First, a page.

Friday, March 15, 2013
Eleanor & Park by Rainbow Rowell
Having experienced adolescent first love, there's really nothing poetic about it. It's awkward. All those hormones rushing about and bodies changing. Just a mess. But when you add in social circumstances that heavily weigh the scales to the "sometimes life really hands out bad stuff" side of things, love can get complicated. Eleanor and Park are about as far apart as two people can be in most ways -- except they both are smart and have incredible hearts, with huge capacities, and untapped depths. The gentle unfolding of their friendship and love is a lovely thing to witness. The language of the novel is fluid, beautiful, and laced with imagery that makes the reader stop to pause to absorb it all. The story is told from alternating points of view of Eleanor, large, lumpy, colorful, living in an abusive family situation, and Park, half-Korean, passably popular, into alternative music, part of an close knit extended family.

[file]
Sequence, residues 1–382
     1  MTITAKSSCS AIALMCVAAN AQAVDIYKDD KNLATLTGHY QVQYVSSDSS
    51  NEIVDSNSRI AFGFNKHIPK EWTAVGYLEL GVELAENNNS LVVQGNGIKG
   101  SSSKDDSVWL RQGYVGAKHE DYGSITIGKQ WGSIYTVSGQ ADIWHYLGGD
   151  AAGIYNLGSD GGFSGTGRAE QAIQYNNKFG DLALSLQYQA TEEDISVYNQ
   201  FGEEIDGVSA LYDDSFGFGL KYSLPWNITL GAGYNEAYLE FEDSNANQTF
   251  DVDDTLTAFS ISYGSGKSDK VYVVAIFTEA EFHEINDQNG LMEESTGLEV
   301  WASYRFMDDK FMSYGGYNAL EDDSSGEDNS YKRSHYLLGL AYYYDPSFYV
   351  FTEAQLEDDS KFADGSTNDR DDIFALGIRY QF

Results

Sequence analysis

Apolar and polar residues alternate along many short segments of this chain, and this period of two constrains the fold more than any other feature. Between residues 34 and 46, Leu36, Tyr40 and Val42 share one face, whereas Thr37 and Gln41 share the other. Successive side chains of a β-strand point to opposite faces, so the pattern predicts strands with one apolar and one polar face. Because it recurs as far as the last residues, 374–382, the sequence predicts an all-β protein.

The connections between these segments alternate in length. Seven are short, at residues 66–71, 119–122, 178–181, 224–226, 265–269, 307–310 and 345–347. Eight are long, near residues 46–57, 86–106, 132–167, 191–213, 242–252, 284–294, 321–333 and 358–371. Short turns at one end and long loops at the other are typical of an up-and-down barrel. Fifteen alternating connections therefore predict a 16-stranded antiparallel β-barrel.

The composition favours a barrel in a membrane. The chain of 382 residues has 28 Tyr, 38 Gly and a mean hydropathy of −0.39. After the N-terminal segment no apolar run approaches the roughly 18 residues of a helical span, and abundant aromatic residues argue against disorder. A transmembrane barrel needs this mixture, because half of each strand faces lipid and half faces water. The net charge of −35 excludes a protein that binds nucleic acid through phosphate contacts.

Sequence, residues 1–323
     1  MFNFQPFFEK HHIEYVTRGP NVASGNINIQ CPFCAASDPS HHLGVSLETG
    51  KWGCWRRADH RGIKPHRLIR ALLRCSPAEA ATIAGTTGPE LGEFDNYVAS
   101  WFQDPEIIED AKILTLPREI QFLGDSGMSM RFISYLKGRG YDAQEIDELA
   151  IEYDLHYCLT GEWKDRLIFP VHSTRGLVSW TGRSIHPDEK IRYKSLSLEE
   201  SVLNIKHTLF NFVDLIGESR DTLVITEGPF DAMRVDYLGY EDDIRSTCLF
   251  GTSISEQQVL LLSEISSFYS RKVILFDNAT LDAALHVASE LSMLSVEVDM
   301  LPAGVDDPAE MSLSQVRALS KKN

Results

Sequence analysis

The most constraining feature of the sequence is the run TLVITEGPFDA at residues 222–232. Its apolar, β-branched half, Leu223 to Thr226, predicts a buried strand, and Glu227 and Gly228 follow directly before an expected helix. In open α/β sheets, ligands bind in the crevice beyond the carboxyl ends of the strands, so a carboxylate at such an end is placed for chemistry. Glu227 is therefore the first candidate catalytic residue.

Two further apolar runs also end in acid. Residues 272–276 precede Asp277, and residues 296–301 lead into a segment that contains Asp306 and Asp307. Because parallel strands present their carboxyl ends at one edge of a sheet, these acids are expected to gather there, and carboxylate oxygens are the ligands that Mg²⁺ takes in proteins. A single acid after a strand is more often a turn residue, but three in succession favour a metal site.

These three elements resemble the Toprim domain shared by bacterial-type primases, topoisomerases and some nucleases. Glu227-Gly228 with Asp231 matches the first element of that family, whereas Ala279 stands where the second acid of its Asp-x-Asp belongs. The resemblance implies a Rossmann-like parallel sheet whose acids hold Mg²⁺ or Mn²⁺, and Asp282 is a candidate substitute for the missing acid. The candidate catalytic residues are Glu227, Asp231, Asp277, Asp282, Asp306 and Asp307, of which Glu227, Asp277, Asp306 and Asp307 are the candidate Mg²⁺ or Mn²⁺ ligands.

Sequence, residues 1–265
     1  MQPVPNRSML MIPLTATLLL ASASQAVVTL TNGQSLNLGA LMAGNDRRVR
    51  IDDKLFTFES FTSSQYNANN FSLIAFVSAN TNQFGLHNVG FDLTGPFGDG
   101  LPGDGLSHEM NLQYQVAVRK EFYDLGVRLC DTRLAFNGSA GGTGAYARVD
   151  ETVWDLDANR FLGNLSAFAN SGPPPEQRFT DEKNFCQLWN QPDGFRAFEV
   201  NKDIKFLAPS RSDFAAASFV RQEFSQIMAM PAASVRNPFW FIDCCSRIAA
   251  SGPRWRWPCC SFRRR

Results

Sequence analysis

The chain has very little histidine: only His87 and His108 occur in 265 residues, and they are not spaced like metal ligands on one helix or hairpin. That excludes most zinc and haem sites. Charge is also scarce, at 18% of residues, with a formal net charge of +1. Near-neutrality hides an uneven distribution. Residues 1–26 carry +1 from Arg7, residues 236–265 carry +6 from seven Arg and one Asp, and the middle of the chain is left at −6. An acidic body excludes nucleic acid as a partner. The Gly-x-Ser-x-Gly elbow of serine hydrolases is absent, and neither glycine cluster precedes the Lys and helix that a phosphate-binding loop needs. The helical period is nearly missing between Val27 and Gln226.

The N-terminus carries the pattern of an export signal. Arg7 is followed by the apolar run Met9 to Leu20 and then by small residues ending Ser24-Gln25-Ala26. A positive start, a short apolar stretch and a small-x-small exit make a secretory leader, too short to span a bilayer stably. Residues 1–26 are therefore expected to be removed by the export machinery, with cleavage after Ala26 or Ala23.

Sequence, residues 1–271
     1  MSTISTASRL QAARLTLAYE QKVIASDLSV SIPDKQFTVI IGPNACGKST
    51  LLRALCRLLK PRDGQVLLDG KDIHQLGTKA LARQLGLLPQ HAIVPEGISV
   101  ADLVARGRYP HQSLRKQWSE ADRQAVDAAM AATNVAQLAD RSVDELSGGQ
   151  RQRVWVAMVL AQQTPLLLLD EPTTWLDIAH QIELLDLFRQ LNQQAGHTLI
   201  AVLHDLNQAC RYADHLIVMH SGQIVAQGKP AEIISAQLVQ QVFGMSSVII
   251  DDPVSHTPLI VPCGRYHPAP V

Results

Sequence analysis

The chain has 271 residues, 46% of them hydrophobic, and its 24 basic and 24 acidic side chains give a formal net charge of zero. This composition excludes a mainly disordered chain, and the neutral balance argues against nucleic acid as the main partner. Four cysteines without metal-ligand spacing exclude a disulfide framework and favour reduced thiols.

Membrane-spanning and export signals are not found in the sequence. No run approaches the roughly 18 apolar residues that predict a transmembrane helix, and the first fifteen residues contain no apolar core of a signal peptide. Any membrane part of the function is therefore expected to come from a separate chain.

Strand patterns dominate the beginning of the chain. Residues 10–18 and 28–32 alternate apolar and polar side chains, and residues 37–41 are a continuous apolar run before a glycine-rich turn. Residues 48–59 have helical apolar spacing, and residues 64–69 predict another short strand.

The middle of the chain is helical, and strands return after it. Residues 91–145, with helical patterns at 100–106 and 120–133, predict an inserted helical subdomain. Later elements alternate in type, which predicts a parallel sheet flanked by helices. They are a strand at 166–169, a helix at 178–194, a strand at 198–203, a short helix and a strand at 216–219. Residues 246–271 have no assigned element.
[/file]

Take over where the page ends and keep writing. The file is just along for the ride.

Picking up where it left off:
So much about this book struck home: the whole kids can be really cruel bit, sibling love and sibling rivalry, the awful things people do for love in bad relationships, and the beautiful, heartwarming ones done for love. If you've ever been fat, or short, or skinny, or had the wrong hair, or wore red shoes that the other kids laughed at, or were the new kid, or wore clothes that weren't the current fashion but not because you wanted to or even knew the difference, or were not the usual in any way, you'll be able to identify with "Big Red" as she struggles to find a place in a new school, where the only faces who smile back are those on the edge of the crowd, too.
I seriously loved this book.
Here's a link to a NYT review by John Green. Yes, the same one who broke my heart and made me cry over Hazel and Gus.